Incidentally, the sniper having the type of ammunition that would blow the target to smithereens is another place where the authors seem to have "rigged" the story to support the plot.  After all, the other type was already on a helicopter to the site.  Neat writing, superb story telling, and real life does sometimes fall that way.

 


No, if Ewert was only "good" he wouldn't have decided that he was only helping because a prison warden's life was at stake. Instead, his thoughts were that if it was 'only' a prisoner, he might not bother with the rescue/sniper attempt. Ewert is only human - he may be more good than bad, albeit inconsiderate at times, but still only human.

 

‎"Peculiar travel suggestions are dancing lessons from God." -Bokonon
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MomOf2Turds
Posts: 46
Registered: ‎03-13-2010
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Re: Three Seconds: The Letter of the Law

 


dhaupt wrote:

 

In my head I see the sniper bullet being the cause of the explosion, and I too think Piet escapes

 


 

On page 336 it says, "...the ammunition that I have with me is fire and explosive ammo..." which leads me to believe that the bullet he shot at Piet is what caused the explosion, as well.  

 

As for Piet escaping, I can only hope that he did, although I don't hold out much.  But then again, if he knew that he was going to be killed if it came down to the sniper and such being called in, why would he hide his cell phone, his only link to Erik Wilson, in the cemetery if he figured that he wouldn't make it out alive?  Hmm.  Now you really have me thinking...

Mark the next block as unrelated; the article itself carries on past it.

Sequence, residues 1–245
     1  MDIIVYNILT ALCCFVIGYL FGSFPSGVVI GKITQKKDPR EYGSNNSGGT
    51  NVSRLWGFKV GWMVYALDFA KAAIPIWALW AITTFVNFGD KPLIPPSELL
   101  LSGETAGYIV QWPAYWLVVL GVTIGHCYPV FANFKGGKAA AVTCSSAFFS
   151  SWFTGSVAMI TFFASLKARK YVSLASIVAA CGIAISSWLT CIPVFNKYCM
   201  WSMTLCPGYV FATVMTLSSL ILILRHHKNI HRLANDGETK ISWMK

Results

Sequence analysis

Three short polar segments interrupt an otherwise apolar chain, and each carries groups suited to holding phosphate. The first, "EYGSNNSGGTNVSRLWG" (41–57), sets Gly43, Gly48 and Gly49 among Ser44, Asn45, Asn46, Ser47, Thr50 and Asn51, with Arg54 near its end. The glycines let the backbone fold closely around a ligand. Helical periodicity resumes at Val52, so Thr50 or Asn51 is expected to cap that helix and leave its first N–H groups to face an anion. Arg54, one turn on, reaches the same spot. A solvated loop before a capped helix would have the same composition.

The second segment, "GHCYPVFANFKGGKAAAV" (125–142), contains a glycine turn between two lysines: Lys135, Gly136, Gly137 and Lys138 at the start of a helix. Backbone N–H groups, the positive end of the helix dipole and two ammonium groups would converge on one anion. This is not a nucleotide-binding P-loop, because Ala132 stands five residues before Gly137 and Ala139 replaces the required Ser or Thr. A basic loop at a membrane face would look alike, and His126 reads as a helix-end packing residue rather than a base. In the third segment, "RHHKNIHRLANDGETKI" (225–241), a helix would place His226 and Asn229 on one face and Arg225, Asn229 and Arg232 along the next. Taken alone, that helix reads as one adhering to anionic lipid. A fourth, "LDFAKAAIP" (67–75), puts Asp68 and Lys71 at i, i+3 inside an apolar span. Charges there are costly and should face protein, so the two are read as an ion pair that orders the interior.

“A home without books is a body without soul.” ~ Marcus Tullius Cicero
Correspondent
T-Mo
Posts: 51
Registered: ‎08-31-2009

Re: Three Seconds: The Letter of the Law

[ Edited ]

I don't think Piet had any intention of hurting the prison guard at all. However, he had to have some sort of leverage over the police task force, etc. because he knew that using another prisoner wouldn't provide him the same sort of advantages as using one of their own. Piet is a very perceptive and smart man, which is evidenced in all the preparations he made prior to his incarceration. Yes, Piet did act inhumanely toward the security guard- kicking him, etc. But perhaps that was all part of his tough guy persona. If he acted humanely they wouldn't be afraid of him, and they wouldn't take his threats seriously. 

 

When Grens is pondering the situation he thinks: "If the two people who had been taken hostage were both fellow prisoners, he wouldn't have been so motivated, he wouldn't have felt the same driving edge. ...he felt nothing for the prisoner who in theory could be in cahoots with the hostage taker. ... The warden on the other hand, who wore a uniform and worked there..." (pg. 323). 

 

I'm inclined to think that Piet made his choices based on the knowledge he gained by working as in infiltrator. He would have had an understanding of how the police viewed criminals. And after the brutality he experienced upon his arrest, he would know first hand that police officers tend to hold a grudge when any harm is caused to their fellow law enforcement officials, therefore he knew he'd have more leverage and time with the warden as one of his hostages. He obviously thought it out and planned who to take as hostage- he put two wardens in locked cells, and specifically chose Jacobson, after he had been so kind and sympathetic toward Piet.